But the gem of this great cemetery was the cairn which we called F. This contained a magnificent chamber of unique and complicated design. It consisted of a well-built entrance passage, a polygonal chamber with recesses cut off by sills, and a second larger chamber beyond with three seperated recesses, and in this, most remarkable of all, a slender pillar-stone in the centre-line, 5 feet in height, and 7.5 by 9 inches in section.
Over this the roof rose to its greatest height, some 16 feet above the floor. The unfortunate fracture of a large slab at some bygone time had brought about a great collapse, and we had to remove tons of stuff to clear the chamber. Another accident had snapped the standing stone across, near its base, but had not impaired the sanctity which apparently was attached to it, for we found the ashes of a burnt human body laid on the butt end of the prostrate part.
The architecture of this monument was of most massive character, slabs up to four tons in weight being used in its construction; and its design, and its inner sanctuary with the standing-stone, is without parallel.
R. L. Praeger - The Way That I Went, 1937.
Cairn F greets the visitor to Carrowkeel, along with Cairn B, one on each side of the valley as they proceed up the Bricklieve Gap. Majestically located on the left cliff-top on the ridge called Carn Mór, Cairn F is the largest and most important of the cairns at Carrowkeel. It has a diameter of 26 metres and probably stood 8 - 10 metres high. It is located about 200 meters south of Cairn E at an altitude of 310 metres.
The roof had collapsed by the time Macalister arrived to excavate it and the chamber was full of cairn material. A huge lintel had cracked under the strain of the roof, allowing spalls and small stones to fall in and fill the chamber. The massive 4 ton capstone had fallen inside and lay on its edge. The work crew broke it up and removed it to make room for their excavation.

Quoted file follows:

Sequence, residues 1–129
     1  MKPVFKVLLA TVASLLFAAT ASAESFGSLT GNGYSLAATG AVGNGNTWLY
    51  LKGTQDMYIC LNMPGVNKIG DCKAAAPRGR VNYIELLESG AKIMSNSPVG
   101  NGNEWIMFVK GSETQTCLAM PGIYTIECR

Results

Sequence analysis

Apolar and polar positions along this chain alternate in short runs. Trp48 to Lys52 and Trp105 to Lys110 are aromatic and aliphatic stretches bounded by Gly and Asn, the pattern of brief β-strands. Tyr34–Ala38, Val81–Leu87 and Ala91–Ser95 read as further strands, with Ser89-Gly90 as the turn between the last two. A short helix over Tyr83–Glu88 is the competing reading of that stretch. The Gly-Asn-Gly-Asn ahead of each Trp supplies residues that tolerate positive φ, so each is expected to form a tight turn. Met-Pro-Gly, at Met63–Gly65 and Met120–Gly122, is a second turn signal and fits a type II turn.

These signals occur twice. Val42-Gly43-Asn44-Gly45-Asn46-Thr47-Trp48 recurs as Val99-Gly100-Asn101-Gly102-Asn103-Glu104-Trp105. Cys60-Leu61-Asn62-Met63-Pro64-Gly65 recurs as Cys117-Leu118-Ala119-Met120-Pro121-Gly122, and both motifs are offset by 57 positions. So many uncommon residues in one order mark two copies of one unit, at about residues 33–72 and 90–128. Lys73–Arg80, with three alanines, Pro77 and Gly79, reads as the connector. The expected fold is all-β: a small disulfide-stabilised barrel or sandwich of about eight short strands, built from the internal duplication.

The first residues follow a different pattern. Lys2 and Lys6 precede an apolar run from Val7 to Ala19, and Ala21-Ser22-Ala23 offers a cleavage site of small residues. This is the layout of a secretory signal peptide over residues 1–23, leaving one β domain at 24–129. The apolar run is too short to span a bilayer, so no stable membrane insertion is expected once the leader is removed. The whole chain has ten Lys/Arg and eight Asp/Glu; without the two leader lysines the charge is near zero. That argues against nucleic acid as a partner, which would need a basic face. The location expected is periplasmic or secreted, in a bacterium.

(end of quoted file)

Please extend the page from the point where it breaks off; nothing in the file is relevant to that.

The cairn contains a very large well built chamber formed from massive squared limestone slabs, with five compartments, two at each side and an end recess. Round pieces of sandstone were used in places in an effort to relieve stress. Most interesting was the discovery of a fallen standing stone 1.5 metres long within the chamber.
Macalister estimated the original height of the corbelled roof to be 5 metres; he found this 'one of the most impressive and interesting ancient structures remaining in Ireland'. The flagstones which all came from the same quarry were trimmed and squared to a uniform shape, a characteristic trademark of the Carrowkeel builders.
The presence of a standing stone in Cairn F is very unusual and will probably prove to be of great significance is the site is ever cleared up. This pillar-stone must have broken some time before the collapse of the roof, since ashes were found spread across the stump. When and how the stone fell is a mystery; it must have cracked the sill stone of the south recess. There is a large hunk of sandstone outside the entrance to Cairn E that has been split in two. Perhaps it was broken at the same time.